Nancy calls people like this “Captain of the Talking Team.”  Honestly, I’d be fine with that, except this fellow’s the Commander-in-Chief.

Now trust me, you’re probably not anything like him.  But, if you find someone staring off into space when you’re talking, please take the clue and end the conversation.  You never want to be “that guy.”

How to be a Pro

I’m not ashamed to admit I watch American Idol.  Frankly, I came to the show after the glory years, but it’s mindless entertainment that Nancy and I enjoy watching.

I particularly enjoyed the few years I saw Simon Cowell as judge because even though he could be mean, at least he was fairly honest in his appraisals.  Contrast that with the Steven Tylers of the world who seemed to thing everyone was a STAR.

The show has taken a turn for the better, though, with the addition of Harry Connick, Jr.  He’s the definition of a pro and while I can’t say I’m a fan of his music or movies (I really haven’t listened or watched enough to form an opinion), he brings so many things to the table, it’s hard not to admire the guy.

What do I like?

1.  He’s self-deprecating.  Look, the guy is a star.  Maybe not in the J-Lo orbit, but definitely a star.  Yet he never acts that way.  In fact, he acts like the kind of guy you’d want to share a beer with.  Unlike judges on other shows, it’s not about him.

2.  He’s honest.  If he likes you, he says so.  If not, he says that too.  He’s not there to get you to like HIM, but rather to give honest feedback.  Right there, that puts him above any other judge on TV.

3.  He knows his craft.  I get the sense from a lot of singers that they’ve never actually studied music.  Or music history. They don’t know different genres, techniques, or have the ability to differentiate talent from glitz.  Connick is different, though: you can tell he’s studied music even outside his niche.  He wants contestants not just to be good entertainers, but good singers.  There’s a difference that I’m not sure most judges grasp.

Now, there are other aspects of being a pro, I can’t judge.  I don’t know if Connick works hard, gets along with his fellow judges, or secretly has a big ego.

I can only judge on what I see, and in that light, I wish there were more Harry Connick’s in entertainment, politics, sports, and well, everything.



$%^&! Mr. Murphy

We just brought a new puppy home.  A puppy that needs a regular walk so he’s at least somewhat calm when inside.  We don’t mind walks at all.  Love doing it, in fact.  Don’t like doing it when it’s either -239 degrees outside, raining 3″ per hour…or both.  That’s been the weather pretty much EVERY SINGLE DAY since he arrived.  $%^&! Mr. Murphy!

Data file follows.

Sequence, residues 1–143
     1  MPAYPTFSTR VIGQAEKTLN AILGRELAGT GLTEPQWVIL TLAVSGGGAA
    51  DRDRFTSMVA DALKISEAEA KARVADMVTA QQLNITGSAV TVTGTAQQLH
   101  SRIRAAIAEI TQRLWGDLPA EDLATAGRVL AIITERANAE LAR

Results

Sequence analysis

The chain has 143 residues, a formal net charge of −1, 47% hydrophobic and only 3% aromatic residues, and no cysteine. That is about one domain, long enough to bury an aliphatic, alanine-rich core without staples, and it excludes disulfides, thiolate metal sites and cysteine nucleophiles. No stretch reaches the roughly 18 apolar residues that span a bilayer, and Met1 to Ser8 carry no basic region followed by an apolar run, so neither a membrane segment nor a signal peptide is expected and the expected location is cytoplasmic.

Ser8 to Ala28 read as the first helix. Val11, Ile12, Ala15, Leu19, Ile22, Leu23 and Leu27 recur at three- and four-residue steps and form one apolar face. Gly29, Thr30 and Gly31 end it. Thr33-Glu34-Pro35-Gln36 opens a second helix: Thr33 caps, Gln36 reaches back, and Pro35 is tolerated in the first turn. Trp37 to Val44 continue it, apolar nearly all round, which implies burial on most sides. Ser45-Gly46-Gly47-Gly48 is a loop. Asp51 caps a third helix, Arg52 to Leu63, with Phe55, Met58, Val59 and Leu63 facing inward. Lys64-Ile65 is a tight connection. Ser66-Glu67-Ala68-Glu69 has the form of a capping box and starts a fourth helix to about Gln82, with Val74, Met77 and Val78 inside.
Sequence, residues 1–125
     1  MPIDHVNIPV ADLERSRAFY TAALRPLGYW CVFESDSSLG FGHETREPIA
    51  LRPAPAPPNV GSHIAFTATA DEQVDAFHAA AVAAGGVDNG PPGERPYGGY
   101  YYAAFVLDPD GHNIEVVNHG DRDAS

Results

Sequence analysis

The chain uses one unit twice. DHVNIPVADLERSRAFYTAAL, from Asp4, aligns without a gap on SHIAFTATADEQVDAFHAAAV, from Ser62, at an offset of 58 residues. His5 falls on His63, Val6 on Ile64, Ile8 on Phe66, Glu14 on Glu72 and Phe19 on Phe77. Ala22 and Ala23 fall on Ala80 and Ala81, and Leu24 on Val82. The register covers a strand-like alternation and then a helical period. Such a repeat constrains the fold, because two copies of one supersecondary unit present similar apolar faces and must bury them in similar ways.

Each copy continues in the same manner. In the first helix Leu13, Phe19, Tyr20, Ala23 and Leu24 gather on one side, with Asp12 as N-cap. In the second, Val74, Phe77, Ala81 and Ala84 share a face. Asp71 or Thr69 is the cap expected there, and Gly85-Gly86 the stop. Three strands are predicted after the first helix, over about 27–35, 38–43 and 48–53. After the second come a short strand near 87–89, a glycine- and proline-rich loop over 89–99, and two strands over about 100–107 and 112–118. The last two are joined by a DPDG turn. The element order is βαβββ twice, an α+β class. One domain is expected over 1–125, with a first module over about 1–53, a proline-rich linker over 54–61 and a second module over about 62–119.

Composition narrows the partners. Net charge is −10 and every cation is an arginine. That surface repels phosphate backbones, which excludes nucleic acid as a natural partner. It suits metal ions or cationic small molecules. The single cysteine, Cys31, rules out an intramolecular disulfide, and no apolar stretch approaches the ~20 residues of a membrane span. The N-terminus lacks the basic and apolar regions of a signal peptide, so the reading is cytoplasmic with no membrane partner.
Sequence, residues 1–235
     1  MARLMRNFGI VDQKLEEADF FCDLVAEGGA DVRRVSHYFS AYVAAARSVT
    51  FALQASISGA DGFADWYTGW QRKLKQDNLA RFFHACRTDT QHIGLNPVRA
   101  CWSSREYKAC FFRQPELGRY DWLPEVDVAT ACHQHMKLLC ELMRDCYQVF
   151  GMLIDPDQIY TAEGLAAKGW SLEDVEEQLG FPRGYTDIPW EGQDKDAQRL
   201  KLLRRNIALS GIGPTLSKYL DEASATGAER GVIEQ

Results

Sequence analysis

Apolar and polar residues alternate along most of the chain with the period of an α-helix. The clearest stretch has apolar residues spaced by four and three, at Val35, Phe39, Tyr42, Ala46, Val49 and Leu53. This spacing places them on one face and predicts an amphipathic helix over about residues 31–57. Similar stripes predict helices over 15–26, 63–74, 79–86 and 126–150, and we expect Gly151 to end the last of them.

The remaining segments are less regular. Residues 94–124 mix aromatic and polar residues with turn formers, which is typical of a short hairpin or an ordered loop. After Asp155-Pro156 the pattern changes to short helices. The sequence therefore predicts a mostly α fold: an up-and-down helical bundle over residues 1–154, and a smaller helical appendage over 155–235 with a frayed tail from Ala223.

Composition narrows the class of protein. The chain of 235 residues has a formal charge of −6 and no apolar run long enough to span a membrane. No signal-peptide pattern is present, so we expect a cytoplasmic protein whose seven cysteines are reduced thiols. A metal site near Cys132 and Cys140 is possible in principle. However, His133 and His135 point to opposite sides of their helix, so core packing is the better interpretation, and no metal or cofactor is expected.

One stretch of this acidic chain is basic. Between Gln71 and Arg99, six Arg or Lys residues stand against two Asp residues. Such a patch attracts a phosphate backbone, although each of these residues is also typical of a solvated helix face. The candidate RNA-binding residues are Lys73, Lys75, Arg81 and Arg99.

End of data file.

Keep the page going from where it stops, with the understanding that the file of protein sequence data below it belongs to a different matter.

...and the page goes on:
We have a leak in our roof.  Some unidentified, maddeningly obtuse leak that has now infected the paint, drywall and probably the foundation for all I know.  As soon as we noticed it, we called a roofer.  He said he’d come by as soon as the weather permitted.  See above for previous 10 day weather and, by the way, $%^&! Mr. Murphy!

I’ve had our snowblower for 15 years.  Empty out the gas at the end  of each year and make sure its running properly.  We get our first snow fall of this year, I go to start it up…and nothing.  Take it to the snowblower repair guys.  They fix it pretty promptly.  I go to pick it up, and immediately break some tension wire holding the handle.  $%^&! Mr. Murphy!

The market has been pretty choppy so far, so even one great trade can make a big difference.  I had that one trade: bought SIRI the day before it gapped up 10%.  Only problem: instead of buying X shares like I intended, I “fat-fingered” my order and only bought .1X shares.  I did catch the error almost immediately and entered a limit order to buy the remainder.  SIRI ran past that, so I decided to wait until the next morning to fix the problem.  By that time, SIRI had already gapped up.  $%^&! Mr. Murphy!

Look, I have a pretty nice life.  Really, no complaints.  Still, when this Murphy guy starts to run interference it, you pretty much want to scream!

Battle of the Borch

People seem to have a lot of names for an expanding belly.  Gut, beer belly, Joe are all acceptable.  In our household, it’s called a Borch.  I think Nancy started using it, with the derivation being Belly + Porch = Borch.  I hate it.  Not the word…but the look.